Nøgleord:Johannes Brøndsted, birthday, fødselsdag, 70
A fruitful period shone forth for Danish archeology when Johannes Brøndsted in 1933 became the head of the First Department of the National Museum and threw wide the barred portals to the treasures of prehistory. He had himself long lived behind those closed walls, but there he had prepared a new epoch in the investigation of our country's prehistory. With that his name will always be connected, together with those of his great predecessors, Thomsen, Worsaae and Müller. It was Brøndsted who reestablished the connection between museum and university which was broken when Worsaae ended his university career in 1865. He had lectured on Denmark's prehistory since 1928, and now he could supplement the theoretical tuition of his students with a practical training at the National Museum and at excavations in the field. And while Brøndsted gave new generations of archeologists a broad-based open-minded education, he at the same time addressed a wider public through the written word, intensifying interest in archeology by his lively presentation in both popular articles and longer works. The roll of his scientific and popular publications will not be called here. It is summed up in "Danmarks Oldtid", a unique work giving as much of value to the lay reader as to the prehistorian. That a new, revised and expanded edition of "Danmarks Oldtid" had to be issued after only 20 years reflects both the living general interest in the prehistory of our country and the expansion of the scale of research. Both are in the main the results of Brøndsted's work.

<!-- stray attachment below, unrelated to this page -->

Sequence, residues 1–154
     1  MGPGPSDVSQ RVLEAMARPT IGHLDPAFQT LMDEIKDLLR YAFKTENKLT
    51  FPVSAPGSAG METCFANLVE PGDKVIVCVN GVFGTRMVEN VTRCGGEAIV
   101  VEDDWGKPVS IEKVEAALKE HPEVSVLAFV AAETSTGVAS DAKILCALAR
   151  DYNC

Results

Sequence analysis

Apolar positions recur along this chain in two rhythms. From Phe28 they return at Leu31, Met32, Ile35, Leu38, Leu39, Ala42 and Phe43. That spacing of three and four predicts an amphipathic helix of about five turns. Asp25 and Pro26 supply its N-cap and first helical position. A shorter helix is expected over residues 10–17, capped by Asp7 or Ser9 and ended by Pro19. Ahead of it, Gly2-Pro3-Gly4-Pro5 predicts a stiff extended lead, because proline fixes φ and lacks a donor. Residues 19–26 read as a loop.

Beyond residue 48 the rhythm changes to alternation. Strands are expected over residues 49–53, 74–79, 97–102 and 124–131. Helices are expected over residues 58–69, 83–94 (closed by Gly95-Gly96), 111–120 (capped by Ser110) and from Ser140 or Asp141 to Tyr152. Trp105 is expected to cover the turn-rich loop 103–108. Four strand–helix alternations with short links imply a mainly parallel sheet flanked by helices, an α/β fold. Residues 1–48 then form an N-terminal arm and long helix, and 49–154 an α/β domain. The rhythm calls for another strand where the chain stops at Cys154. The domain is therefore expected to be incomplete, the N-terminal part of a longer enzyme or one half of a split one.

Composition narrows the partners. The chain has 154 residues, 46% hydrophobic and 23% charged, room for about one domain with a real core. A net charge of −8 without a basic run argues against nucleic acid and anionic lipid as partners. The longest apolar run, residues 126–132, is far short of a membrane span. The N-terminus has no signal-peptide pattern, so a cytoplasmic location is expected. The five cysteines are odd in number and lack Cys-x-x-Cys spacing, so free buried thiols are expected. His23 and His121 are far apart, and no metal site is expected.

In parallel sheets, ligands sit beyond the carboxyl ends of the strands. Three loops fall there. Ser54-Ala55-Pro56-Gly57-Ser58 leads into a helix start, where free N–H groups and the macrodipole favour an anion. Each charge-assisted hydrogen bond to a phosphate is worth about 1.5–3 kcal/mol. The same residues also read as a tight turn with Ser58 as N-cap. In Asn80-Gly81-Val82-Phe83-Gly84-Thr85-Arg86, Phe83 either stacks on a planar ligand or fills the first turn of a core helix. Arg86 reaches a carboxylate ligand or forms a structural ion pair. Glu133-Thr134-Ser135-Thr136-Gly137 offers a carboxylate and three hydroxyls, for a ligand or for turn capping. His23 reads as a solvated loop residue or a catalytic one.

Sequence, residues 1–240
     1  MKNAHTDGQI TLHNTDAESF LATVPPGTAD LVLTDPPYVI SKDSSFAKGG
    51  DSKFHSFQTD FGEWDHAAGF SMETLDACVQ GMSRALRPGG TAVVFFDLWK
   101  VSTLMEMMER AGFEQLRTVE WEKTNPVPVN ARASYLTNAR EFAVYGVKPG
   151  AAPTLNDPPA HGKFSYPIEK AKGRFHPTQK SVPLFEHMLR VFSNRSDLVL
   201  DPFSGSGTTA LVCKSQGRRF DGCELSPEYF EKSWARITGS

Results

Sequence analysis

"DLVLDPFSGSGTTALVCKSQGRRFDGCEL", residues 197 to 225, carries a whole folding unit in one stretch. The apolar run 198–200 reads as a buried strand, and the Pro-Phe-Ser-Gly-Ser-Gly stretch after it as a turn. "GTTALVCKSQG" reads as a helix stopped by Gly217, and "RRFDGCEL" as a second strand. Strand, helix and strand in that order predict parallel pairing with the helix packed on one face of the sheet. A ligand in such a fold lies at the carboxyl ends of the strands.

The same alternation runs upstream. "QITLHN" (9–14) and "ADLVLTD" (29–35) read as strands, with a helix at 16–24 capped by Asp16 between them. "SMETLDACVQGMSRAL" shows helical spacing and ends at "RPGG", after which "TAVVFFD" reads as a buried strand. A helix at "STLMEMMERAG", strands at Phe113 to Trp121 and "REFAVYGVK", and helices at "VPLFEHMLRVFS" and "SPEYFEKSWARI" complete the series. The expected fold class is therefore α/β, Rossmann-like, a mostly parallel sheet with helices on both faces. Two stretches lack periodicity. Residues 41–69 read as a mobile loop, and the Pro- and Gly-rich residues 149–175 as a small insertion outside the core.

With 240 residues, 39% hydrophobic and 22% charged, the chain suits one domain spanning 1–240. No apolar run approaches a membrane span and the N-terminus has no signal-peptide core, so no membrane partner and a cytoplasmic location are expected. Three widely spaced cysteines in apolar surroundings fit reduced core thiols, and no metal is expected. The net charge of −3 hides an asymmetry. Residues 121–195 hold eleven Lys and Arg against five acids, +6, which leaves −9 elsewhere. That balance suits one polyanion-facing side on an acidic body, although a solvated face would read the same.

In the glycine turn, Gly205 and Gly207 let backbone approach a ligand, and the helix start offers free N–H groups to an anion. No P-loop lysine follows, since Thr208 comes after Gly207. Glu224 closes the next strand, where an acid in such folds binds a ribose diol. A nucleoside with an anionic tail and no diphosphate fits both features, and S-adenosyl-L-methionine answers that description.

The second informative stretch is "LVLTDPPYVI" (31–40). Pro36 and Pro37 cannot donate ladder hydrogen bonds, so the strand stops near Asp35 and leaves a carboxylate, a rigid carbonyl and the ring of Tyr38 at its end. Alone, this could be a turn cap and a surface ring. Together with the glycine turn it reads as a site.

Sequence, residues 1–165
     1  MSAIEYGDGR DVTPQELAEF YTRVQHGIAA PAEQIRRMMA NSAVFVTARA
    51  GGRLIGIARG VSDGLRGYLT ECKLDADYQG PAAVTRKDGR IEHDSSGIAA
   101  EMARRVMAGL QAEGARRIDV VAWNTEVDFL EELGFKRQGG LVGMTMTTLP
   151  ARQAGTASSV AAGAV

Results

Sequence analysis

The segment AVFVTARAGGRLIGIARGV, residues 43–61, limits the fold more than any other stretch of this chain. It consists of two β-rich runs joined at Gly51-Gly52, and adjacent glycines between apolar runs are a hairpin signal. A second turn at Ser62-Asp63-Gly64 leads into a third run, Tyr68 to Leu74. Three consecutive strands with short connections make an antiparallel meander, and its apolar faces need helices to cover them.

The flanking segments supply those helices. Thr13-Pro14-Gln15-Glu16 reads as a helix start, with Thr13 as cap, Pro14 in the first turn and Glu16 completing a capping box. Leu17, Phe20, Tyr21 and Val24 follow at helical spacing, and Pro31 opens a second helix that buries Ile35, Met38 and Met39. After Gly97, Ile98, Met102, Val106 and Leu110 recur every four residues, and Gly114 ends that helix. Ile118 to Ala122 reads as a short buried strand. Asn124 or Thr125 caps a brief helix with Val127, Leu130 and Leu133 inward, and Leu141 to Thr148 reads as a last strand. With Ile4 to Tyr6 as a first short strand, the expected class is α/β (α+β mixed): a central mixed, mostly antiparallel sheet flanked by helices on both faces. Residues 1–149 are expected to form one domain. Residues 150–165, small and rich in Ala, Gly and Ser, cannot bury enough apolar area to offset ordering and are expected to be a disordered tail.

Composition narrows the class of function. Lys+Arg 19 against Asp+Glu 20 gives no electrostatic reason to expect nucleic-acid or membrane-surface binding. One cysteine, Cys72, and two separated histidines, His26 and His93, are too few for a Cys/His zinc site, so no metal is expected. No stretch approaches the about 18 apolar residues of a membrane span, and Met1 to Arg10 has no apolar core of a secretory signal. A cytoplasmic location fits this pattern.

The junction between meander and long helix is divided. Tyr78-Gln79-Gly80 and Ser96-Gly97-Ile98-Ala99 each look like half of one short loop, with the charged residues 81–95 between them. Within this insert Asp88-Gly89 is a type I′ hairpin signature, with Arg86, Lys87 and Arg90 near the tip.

It was perhaps fortuitous that Johannes Brøndsted's career came to lie within the field of prehistoric archeology. One day in 1916 he was sought out at Eler's College by the director of the National Museum, Sophus Müller, who authoritatively urged him to complete his examination in classical philology, as he desired his appointment to the museum. Sophus Müller can hardly have been aware that he was then choosing his successor as the moving spirit in our domestic archeology, a coming director of the National Museum. The following year Brøndsted was at work in the prehistoric department, and was there entrusted by Müller with the publication of the silver beaker from Ribe, which resulted in his doctorate thesis "Nordisk og fremmed Ornamentik i Vikingetiden" (translated as "Early English Ornament" 1924), which first made his name internationally known.
With the tenth volume of KUML the Jutland Archeological Society brings its homage to the State Antiquary, Johannes Brøndsted on the seventieth anniversary of his birth in Grundfør in that Jutland, "the wide and goodly'', to which so much of his life's work has been devoted.
P. V. Glob.
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